- Chapter 1.1: Vectors and Linear Combinations
- Chapter 1.2: Lengths and Dot Products
- Chapter 1.3: Matrices
- Chapter 10.1: Complex Numbers
- Chapter 10.2: Hermitian and Unitary Matrices
- Chapter 10.3: The Fast Fourier Transform
- Chapter 2.1: Solving Linear Equations
- Chapter 2.2: The Idea of Elimination
- Chapter 2.3: Elimination Using Matrices
- Chapter 2.4: Rules for Matrix Operations
- Chapter 2.5: Inverse Matrices
- Chapter 2.6: Elimination = Factorization: A = L U
- Chapter 2.7: Transposes and Permutations
- Chapter 3.1: Spaces of Vectors
- Chapter 3.2: The Nullspace of A: Solving Ax = 0
- Chapter 3.3: The Rank and the Row Reduced Form
- Chapter 3.4: The Complete Solution to Ax = b
- Chapter 3.5: Independence, Basis and Dimension
- Chapter 3.6: Dimensions of the Four Subspaces
- Chapter 4.1: Orthogonality of the Four Subspaces
- Chapter 4.2: Projections
- Chapter 4.3: Least Squares Approximations
- Chapter 4.4: Orthogonal Bases and Gram-Schmidt
- Chapter 5.1: The Properties of Determinants
- Chapter 5.2: Permutations and Cofactors
- Chapter 5.3: Cramer's Rule, Inverses, and Volumes
- Chapter 6.1: Introduction to Eigenvalues
- Chapter 6.2: Diagonalizing a Matrix
- Chapter 6.3: Applications to Differential Equations
- Chapter 6.4: Symmetric Matrices
- Chapter 6.5: Positive Definite Matrices
- Chapter 6.6: Similar Matrices
- Chapter 6.7: Singular Value Decomposition (SVD)
- Chapter 7.1: The Idea of a Linear Transformation
- Chapter 7.2: The Matrix of a Linear Transformation
- Chapter 7.3: Diagonalization and the Pseudoinverse
- Chapter 8.1: Matrices in Engineering
- Chapter 8.2: Graphs and Networks
- Chapter 8.3: Markov Matrices, Population, and Economics
- Chapter 8.4: Linear Programming
- Chapter 8.5: Fourier Series: Linear Algebra for Functions
- Chapter 8.6: Linear Algebra for Statistics and Probability
- Chapter 8.7: Computer Graphics
- Chapter 9.1: Gaussian Elimination in Practice
- Chapter 9.2: Norms and Condition Numbers
- Chapter 9.3: Iterative Methods and Preconditioners
Introduction to Linear Algebra 4th Edition - Solutions by Chapter
Full solutions for Introduction to Linear Algebra | 4th Edition
Change of basis matrix M.
The old basis vectors v j are combinations L mij Wi of the new basis vectors. The coordinates of CI VI + ... + cnvn = dl wI + ... + dn Wn are related by d = M c. (For n = 2 set VI = mll WI +m21 W2, V2 = m12WI +m22w2.)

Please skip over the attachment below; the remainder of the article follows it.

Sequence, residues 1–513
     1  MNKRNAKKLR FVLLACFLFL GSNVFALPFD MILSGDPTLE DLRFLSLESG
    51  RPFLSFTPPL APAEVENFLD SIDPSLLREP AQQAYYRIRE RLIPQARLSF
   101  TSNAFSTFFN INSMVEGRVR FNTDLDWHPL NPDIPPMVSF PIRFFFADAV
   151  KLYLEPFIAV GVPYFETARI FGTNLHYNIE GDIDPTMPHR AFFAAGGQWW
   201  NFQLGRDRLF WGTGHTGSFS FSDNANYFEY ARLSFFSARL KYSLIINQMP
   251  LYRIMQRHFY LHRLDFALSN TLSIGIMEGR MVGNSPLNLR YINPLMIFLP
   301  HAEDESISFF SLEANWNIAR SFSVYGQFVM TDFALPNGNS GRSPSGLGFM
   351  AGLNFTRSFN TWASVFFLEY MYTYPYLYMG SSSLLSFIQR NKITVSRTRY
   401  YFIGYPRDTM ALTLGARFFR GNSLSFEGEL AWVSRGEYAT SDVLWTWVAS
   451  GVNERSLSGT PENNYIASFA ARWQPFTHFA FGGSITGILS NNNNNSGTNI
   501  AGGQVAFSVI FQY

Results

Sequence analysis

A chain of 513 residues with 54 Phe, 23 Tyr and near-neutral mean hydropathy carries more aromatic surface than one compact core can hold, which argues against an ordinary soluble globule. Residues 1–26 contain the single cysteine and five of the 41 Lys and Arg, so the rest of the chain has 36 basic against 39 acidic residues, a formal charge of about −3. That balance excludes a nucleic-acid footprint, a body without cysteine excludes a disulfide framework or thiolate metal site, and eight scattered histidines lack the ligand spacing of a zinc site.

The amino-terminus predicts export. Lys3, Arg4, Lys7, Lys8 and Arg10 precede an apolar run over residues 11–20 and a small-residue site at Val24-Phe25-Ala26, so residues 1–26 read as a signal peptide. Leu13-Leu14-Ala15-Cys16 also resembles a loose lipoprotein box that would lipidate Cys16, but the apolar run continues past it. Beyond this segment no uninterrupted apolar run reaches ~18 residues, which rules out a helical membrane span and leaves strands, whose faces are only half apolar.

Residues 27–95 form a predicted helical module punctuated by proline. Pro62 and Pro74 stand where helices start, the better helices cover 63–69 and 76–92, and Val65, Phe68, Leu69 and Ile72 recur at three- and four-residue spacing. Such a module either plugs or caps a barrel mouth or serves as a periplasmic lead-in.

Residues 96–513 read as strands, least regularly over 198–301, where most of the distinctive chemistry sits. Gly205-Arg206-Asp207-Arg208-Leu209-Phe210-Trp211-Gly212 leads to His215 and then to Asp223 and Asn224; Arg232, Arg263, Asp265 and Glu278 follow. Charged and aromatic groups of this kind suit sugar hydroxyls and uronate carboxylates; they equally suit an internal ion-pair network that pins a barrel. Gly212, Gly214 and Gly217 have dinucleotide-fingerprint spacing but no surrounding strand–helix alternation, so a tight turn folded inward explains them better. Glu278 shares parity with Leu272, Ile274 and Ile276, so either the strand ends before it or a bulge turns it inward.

Remove row i and column j; multiply the determinant by (-I)i + j •
Complete solution x = x p + Xn to Ax = b.
(Particular x p) + (x n in nullspace).
Dimension of vector space
dim(V) = number of vectors in any basis for V.
A(B + C) = AB + AC. Add then multiply, or mUltiply then add.
Exponential eAt = I + At + (At)2 12! + ...
has derivative AeAt; eAt u(O) solves u' = Au.
Free variable Xi.
Column i has no pivot in elimination. We can give the n - r free variables any values, then Ax = b determines the r pivot variables (if solvable!).
Gram-Schmidt orthogonalization A = QR.
Independent columns in A, orthonormal columns in Q. Each column q j of Q is a combination of the first j columns of A (and conversely, so R is upper triangular). Convention: diag(R) > o.
A symmetric matrix with eigenvalues of both signs (+ and - ).
Linear combination cv + d w or L C jV j.
Vector addition and scalar multiplication.
Linearly dependent VI, ... , Vn.
A combination other than all Ci = 0 gives L Ci Vi = O.
= Xl (column 1) + ... + xn(column n) = combination of columns.
Nilpotent matrix N.
Some power of N is the zero matrix, N k = o. The only eigenvalue is A = 0 (repeated n times). Examples: triangular matrices with zero diagonal.
In each column, choose the largest available pivot to control roundoff; all multipliers have leij I < 1. See condition number.
Plane (or hyperplane) in Rn.
Vectors x with aT x = O. Plane is perpendicular to a =1= O.
Polar decomposition A = Q H.
Orthogonal Q times positive (semi)definite H.
Simplex method for linear programming.
The minimum cost vector x * is found by moving from comer to lower cost comer along the edges of the feasible set (where the constraints Ax = b and x > 0 are satisfied). Minimum cost at a comer!
Skew-symmetric matrix K.
The transpose is -K, since Kij = -Kji. Eigenvalues are pure imaginary, eigenvectors are orthogonal, eKt is an orthogonal matrix.
Symmetric matrix A.
The transpose is AT = A, and aU = a ji. A-I is also symmetric.
Vector v in Rn.
Sequence of n real numbers v = (VI, ... , Vn) = point in Rn.
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